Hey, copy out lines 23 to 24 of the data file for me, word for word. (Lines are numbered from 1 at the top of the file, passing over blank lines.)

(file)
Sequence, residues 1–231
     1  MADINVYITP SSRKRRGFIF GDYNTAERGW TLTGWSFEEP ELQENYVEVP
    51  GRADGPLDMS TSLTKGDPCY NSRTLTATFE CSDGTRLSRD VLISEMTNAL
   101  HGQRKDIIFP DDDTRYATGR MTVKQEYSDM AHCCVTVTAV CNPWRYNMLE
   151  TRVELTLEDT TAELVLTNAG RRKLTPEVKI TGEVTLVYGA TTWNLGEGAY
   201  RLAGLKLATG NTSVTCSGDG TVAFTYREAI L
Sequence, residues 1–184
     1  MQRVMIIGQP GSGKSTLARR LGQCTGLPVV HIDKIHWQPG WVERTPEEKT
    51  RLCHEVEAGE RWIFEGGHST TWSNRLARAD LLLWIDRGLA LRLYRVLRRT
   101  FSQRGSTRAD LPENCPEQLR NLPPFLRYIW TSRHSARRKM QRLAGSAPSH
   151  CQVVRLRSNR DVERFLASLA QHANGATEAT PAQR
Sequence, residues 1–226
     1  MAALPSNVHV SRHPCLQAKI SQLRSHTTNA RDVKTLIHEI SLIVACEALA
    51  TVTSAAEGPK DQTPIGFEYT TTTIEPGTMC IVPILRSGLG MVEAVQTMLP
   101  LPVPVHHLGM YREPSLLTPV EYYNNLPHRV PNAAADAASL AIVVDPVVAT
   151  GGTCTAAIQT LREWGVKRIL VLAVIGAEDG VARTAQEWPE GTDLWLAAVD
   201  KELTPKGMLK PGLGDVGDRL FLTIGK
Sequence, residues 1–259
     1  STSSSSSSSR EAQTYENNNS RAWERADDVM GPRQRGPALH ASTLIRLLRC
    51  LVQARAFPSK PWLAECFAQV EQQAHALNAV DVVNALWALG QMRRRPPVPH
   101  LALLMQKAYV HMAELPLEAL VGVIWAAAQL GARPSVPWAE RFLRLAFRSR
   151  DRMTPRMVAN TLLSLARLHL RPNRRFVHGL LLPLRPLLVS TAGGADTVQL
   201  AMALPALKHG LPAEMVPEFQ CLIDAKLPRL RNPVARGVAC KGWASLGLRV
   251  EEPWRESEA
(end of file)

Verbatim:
   201  AMALPALKHG LPAEMVPEFQ CLIDAKLPRL RNPVARGVAC KGWASLGLRV
   251  EEPWRESEA